32Red had been hit with £2 million penalty for single problem gambler
The penalty of £2 million was given by the gambling commission to the online gambling operator 32Red as they failed to protect a problem gambler and also for money laundering failure. The customer was allowed to make a deposit of £758,000 to 32Red without running a check for social responsibilities and not even for money laundering.
The Gambling Commission had carried out an examination between Nov’14 and Apr’17 on the way 32Red was dealing with their players. During the inquiry there were minimum 22 incidents showing the customer was a problem gambler. But in those incidents rather than running a check on well being of the player with problem gambling behavior, the firm encouraged players to gamble more which was clearly the opposite of what 32Red was supposed to do.
When any problem gambling signs are spotted the operators must take action regarding it and should pay attention and keep reviewing their players.
Bonuses offered by 32Red
As mentioned above, there were occasion emphasizing the problem gambling but rather than inspecting these, the players were offered bonuses encouraging them to carry on playing. As from what The Gambling Commission mentioned, 32Red need to review the players in Aug’16 but they only done it in Jan’17 since a win of more than £1 million was immediately gambled again.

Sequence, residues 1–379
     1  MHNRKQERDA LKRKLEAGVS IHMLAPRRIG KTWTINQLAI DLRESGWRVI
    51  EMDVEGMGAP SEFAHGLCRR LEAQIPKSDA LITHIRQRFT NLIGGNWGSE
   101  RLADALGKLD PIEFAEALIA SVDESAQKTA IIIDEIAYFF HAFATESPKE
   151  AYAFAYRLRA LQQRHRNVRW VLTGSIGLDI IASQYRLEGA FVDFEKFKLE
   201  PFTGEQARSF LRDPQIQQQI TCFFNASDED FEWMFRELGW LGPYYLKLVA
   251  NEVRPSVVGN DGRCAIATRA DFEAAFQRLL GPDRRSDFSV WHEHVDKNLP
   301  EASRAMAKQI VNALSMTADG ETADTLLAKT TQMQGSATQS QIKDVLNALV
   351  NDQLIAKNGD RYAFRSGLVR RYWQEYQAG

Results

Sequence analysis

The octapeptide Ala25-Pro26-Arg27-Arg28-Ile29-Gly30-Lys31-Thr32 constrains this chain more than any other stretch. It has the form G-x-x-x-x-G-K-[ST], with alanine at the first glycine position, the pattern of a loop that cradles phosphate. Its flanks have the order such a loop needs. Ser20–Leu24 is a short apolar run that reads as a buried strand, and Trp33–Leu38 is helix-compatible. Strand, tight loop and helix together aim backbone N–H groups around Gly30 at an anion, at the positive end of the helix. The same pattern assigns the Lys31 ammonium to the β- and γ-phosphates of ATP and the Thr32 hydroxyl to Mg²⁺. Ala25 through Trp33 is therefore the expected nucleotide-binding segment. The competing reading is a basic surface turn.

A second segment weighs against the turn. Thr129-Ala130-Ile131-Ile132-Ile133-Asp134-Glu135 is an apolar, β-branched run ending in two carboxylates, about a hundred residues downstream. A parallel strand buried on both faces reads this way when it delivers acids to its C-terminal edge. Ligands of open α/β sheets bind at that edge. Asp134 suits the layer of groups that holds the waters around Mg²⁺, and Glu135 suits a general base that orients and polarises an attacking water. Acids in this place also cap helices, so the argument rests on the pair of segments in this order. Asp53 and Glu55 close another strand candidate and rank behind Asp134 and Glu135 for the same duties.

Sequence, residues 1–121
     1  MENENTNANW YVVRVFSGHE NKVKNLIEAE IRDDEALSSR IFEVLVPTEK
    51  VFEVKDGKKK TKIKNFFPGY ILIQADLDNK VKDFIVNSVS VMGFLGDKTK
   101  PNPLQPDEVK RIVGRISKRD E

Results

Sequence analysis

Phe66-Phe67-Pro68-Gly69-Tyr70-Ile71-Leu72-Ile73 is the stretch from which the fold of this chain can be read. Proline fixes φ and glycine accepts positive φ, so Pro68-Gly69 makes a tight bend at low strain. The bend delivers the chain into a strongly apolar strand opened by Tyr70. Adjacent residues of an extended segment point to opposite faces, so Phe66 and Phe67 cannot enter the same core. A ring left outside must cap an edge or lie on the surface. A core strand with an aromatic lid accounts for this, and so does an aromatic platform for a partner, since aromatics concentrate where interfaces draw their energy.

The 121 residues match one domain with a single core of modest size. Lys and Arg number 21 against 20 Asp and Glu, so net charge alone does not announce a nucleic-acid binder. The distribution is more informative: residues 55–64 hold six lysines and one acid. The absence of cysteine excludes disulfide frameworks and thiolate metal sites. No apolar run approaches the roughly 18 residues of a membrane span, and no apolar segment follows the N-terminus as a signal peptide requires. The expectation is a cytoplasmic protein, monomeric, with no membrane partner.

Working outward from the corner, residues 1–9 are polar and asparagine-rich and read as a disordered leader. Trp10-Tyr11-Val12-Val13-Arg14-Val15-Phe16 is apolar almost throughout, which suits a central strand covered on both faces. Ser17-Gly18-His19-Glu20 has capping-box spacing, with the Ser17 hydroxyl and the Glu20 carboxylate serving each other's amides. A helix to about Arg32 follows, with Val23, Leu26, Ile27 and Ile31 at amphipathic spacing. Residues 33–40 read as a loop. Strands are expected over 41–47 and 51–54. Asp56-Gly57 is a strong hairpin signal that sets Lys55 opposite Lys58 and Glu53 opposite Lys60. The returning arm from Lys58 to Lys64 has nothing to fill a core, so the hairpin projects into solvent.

According to The Gambling Commission, the player responded after five weeks to the request, to provide their financial position, and failed to justify the information he had given. The payslips and other reports for the commission earned from work was not trustworthy and there were lot of volatility in the income he had received.
While the average monthly deposits made by the player was more than £45K, the documents and information provided was showing a monthly net income of £13,000 only. Actually the player’s net salary was £2,150 only.
The £2 million penalty given calculated as £709,046 for abatement of the financial gains, £1.3 million to be utilized on National Responsible Gambling Strategy in order to tackle problem gambling and £15,000 for the cost of investigation.
When it was asked, to the spokesman of The Gambling Commission, from where the player received that money, was it stolen to gamble? The reply was, 32Red was not aware of the source of the player’s fortune as they botched the anti-money laundering obligations.
A Swedish online gambling operator Kindred took over 32Red in June 2017.